You're reading How Workplace Stress Can Lead To Addiction, originally posted on Pick the Brain | Motivation and Self Improvement. If you're enjoying this, please visit our site for more inspirational articles.
Many people assume that those struggling with addiction are unemployed and homeless. This could not be farther from the truth. The Substance Abuse and Mental Health Services Administration found that 9.5% of full-time workers ages 18 to 64 were dependent on or abused illicit drugs or alcohol in the past year. The workplace can be a source of great stress, anxiety, and depression. Self-medicating can lead to the “functional addict.”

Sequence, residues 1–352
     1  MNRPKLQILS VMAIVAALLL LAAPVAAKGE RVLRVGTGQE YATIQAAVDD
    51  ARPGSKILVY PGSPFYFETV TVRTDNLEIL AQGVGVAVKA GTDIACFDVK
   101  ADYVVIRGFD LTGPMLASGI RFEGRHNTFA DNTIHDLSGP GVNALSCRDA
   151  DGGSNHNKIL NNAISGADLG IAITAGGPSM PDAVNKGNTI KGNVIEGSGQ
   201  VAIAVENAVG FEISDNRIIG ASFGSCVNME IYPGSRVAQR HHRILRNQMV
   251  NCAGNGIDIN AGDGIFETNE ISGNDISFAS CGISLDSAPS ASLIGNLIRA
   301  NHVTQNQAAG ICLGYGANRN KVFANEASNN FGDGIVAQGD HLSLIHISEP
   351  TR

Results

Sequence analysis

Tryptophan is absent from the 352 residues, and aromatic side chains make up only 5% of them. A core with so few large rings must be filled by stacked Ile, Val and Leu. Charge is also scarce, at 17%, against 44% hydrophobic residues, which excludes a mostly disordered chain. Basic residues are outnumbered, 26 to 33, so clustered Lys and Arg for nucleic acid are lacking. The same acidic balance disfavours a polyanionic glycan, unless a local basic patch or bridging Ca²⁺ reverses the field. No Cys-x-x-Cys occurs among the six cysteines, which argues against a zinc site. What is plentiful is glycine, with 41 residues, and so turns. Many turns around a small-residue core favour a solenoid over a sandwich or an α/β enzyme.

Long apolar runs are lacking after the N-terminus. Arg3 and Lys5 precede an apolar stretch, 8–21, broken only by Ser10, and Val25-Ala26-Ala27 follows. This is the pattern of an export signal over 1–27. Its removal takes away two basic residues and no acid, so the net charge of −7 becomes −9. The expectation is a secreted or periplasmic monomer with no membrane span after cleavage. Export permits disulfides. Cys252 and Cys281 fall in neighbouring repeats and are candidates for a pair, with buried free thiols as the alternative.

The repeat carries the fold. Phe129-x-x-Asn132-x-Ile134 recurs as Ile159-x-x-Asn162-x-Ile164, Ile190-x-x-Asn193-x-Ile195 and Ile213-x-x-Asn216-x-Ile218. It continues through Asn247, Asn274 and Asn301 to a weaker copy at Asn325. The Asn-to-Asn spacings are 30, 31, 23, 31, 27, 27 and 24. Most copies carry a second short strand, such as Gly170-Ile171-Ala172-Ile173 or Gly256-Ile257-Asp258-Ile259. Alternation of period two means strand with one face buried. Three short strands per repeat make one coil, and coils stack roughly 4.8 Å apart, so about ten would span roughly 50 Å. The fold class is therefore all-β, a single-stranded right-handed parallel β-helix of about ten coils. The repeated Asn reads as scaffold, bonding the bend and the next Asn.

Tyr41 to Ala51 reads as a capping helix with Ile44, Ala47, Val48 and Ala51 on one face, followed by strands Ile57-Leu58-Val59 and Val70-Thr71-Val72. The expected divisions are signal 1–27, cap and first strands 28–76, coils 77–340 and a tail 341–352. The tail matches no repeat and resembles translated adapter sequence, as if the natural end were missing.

Workplace Stress And The Dangers Of Self-MedicatingStress is a known contributor to alcoholism and drug addiction. Stress and adrenaline can lead to “burnout,” or mental and physical exhaustion. Some employees in stressful workplace environments turn to drugs and/or alcohol to cope with work-related stressors. What starts as a few drinks after work can turn into an alcohol dependency. The same is true for drug habits. Without the worker realizing it, workplace stress can ultimately contribute to addiction through the practice of self-medicating. Self-medicating can stem from a desire to relax and forget about work, but it can also serve to enhance alertness and boost performance. Certain illicit drugs such as cocaine can increase mental alertness, but are highly addictive. Even taking over-the-counter drugs such as painkillers for aches and pains can spiral into a full-blown addiction. Self-medicating with a stressful job as a trigger is a slippery slope that can easily lead to a substance abuse disorder in anyone.